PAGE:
No, the problem is not failing to water the flowers; not the stench of sewage; not the failure to turn off street lighting, burning 24 hours per day. No it is not even the total lockdown of this area as Emergency Services attempt to either pass through or attend to urgent situations within this area as observed yesterday; no it’s chewing gum.

See images hereunder, reminiscent of Oxford Circus tube station, in the West End of London.

Chewing Gum – the new threat on Liberty Square, Thurles.

When Thurles street surfaces was constructed of black tarmac and much wider; to the casual observer, chewing gum went unnoticed.
Today the worst area is around the front of Historic Hayes Hotel, were teenage disco goers congregate on Friday nights. [After all, one must keep ones breath fresh in the event of that inevitable kiss, and with the non availability of suitable litter bins to accommodate ……… well enough said, what is the point, our elected representatives and officials are either totally deaf, or suffering from the Dunning Kruger Effect.]

Has Chewing Gum Ever Been Banned Anywhere?

Answer is yesSingapore – that sovereign diamond shaped island country and city-state in maritime Southeast Asia, located at the southern tip of the Malaysian peninsula.

Today, Singapore tops the list as the world’s most welcoming city, offering a safe environment to visitors, and it is one place where chewing gum is totally banned.

This ban on chewing gum was first introduced by Mr Harry Lee Kuan Yew, in 1992, adding to their other stiff laws with regard to graffiti, littering, spitting, expelling nasal mucus, jaywalking and urinating anywhere other than in a toilet. It is also against the law to fail to flush a public toilet.

Harry Lee Kuan Yew (LKY), latter a highly regarded Singaporean statesman and barrister, who served as the first Prime Minister of Singapore, between 1959 and 1990; saw the habit of spitting out chewing gum as a filthy, unhealthy habit and suggested that “if people can’t think, because they can’t chew, they should try chewing bananas”.

In Singapore today, the public will face a hefty fine for spitting out chewed gum, with same offence also doubling as “Littering“.

Time to get out the WD-40 Multi-Use and the long handled scrapers before then washing to get rid of the fish oil (WD-40).
It seems our Municipal District Council and Tipperary Co. Council are not finished wasting taxpayers money on our town centre, for the foreseeable future, as businesses vanish from the landscape.


Titanium Dioxide No Longer Authorised As Food Additive in European Union.

Titanium Dioxide is no longer authorised as a food additive in the European Union, with effect from August 7th 2022.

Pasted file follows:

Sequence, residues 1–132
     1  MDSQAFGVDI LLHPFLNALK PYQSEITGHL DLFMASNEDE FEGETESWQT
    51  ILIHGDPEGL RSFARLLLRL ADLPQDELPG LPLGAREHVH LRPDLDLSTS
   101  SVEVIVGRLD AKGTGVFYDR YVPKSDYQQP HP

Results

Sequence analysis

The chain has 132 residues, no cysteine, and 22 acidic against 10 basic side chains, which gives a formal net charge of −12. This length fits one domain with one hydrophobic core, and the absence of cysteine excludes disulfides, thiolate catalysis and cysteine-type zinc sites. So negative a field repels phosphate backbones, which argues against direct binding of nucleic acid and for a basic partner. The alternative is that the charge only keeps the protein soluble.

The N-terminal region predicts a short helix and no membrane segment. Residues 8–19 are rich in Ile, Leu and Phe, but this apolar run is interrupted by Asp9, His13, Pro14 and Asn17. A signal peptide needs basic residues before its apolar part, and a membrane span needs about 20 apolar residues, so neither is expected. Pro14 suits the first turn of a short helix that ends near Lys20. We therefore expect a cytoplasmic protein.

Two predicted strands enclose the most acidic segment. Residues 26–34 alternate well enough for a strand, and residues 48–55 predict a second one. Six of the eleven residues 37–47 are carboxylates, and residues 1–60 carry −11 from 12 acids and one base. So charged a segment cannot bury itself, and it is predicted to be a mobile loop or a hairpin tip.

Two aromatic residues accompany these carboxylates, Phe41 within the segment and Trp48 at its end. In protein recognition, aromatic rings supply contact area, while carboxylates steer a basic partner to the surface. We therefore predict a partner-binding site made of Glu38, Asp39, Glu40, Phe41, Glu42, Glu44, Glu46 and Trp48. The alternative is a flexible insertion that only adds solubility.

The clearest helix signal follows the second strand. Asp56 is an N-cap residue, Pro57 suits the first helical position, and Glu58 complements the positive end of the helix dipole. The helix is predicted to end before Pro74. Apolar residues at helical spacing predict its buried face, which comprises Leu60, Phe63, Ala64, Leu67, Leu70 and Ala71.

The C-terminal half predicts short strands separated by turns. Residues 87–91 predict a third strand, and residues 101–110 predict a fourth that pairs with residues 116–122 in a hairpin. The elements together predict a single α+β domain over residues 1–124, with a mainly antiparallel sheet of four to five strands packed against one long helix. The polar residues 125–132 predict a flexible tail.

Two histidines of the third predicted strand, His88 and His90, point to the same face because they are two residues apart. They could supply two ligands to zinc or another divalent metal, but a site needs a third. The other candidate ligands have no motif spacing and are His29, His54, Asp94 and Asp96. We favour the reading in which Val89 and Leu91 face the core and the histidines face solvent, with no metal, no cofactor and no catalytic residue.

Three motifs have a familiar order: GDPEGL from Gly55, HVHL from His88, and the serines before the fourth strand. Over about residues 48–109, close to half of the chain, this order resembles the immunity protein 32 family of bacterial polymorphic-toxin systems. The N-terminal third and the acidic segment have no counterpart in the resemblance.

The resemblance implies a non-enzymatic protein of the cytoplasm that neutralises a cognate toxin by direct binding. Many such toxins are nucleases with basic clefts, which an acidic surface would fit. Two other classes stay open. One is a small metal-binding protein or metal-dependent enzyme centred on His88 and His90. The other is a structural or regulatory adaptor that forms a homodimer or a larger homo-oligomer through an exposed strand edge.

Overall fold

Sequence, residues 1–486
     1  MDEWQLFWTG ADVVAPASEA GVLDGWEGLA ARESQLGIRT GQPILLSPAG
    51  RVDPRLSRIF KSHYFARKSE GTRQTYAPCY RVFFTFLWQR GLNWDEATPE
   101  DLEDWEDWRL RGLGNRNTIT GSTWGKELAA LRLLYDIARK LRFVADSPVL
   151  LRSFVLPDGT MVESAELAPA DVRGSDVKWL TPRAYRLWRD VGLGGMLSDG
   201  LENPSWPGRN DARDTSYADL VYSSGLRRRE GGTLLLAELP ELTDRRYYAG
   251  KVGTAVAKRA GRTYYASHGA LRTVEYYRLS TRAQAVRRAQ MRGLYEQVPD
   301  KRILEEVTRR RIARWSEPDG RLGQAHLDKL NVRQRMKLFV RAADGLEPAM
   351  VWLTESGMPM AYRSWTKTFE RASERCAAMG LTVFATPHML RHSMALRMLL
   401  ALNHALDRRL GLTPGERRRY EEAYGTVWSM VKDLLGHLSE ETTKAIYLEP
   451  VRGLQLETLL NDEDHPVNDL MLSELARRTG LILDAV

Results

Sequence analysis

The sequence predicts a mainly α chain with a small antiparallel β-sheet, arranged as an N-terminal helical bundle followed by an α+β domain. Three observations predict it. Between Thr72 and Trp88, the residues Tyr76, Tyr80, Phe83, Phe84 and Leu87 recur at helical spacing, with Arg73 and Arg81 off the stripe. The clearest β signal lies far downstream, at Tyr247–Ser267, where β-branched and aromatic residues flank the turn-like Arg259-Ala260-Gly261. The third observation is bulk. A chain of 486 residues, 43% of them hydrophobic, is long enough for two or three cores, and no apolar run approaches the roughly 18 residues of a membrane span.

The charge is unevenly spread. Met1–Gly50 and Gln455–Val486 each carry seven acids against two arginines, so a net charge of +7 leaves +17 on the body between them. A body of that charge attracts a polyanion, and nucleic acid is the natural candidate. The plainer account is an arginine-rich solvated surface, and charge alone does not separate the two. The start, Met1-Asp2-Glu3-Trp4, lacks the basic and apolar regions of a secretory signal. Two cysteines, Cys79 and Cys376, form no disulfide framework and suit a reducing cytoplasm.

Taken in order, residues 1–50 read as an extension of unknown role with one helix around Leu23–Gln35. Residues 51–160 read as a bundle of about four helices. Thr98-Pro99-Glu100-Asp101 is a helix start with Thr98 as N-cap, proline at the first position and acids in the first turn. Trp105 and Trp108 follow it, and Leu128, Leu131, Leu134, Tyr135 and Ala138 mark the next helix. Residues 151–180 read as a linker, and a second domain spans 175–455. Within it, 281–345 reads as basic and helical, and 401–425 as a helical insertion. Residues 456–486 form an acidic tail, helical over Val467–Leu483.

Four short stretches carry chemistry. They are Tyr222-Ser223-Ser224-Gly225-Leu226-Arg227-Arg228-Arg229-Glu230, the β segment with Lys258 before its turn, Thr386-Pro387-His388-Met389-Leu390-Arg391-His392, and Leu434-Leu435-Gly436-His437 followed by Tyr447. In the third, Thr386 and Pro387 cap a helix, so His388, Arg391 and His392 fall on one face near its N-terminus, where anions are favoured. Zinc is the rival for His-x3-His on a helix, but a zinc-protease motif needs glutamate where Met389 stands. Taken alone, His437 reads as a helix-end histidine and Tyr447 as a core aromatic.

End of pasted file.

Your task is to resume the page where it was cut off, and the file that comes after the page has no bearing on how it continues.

Titanium dioxide is being banned in the EU as a possible carcinogen. [Note: A carcinogen is a substance, organism or agent capable of causing cancer.]

A class action lawsuit, which was filed recently in California, claims that sweets company ‘Mars’ failed to adequately warn customers about the chemical, titanium dioxide, and therefore committed a fraud of omission.
Mars says that ‘Skittles‘ are made in accordance with U.S. Food and Drug Administration regulations, which permit the use of titanium dioxide at less than 1% of the food’s dried weight, and that the company has done nothing wrong.

Titanium dioxide

Titanium dioxide (E171) is an additive that is used in food as a colour. Its function is to make food more visually appealing, to give colour to food that would otherwise be colourless, or to restore the original appearance of food. Titanium dioxide is used to provide whiteness and opacity to foods.

In terms of dietary exposure, titanium dioxide is often used in a variety of food categories, including bakery products, soups, broths, sauces, salads, savoury based sandwich spreads and processed nuts. It is also used in confectionary, chewing gum, food supplements and cake icing.

In May 2021, the European Food Safety Authority (EFSA) published an opinion that stated that titanium dioxide can no longer be considered safe when used as a food additive.

Based on this opinion, the European Commission and the Member States agreed to remove all uses of titanium dioxide as an additive in food. In January 2022, a Regulation withdrawing the authorisation to use titanium dioxide as a food additive in food products was adopted i.e. Commission Regulation (EU) 2022/63.

This regulation entered into force on February 7th, 2022. However, the Regulation included a six-month transitional period to allow food businesses time to phase out the use of this food additive and to reformulate their products using suitable alternatives. This period will now end on August 7th, 2022.

Food containing titanium dioxide that is lawfully placed on the EU market before August 7th, 2022 may remain on the market until its date of minimum durability or its ‘use-by’ date has passed. Food produced or placed on the market after August 7th 2022 cannot contain titanium dioxide. The ban on the use of titanium dioxide is effective in each EU Member State, and in Northern Ireland. Some third countries, such as the United Kingdom (excluding Northern Ireland), continue to permit the use of titanium dioxide.

All food businesses currently using titanium dioxide as a food additive have a legal responsibility to comply with the requirements of Regulation (EU) 2022/63, banning the use of titanium dioxide.
The FSAI encourages food businesses to source suitable alternatives to titanium dioxide and start the process of reformulation now to ensure compliance in advance of the ban coming into force on August 7th 2022.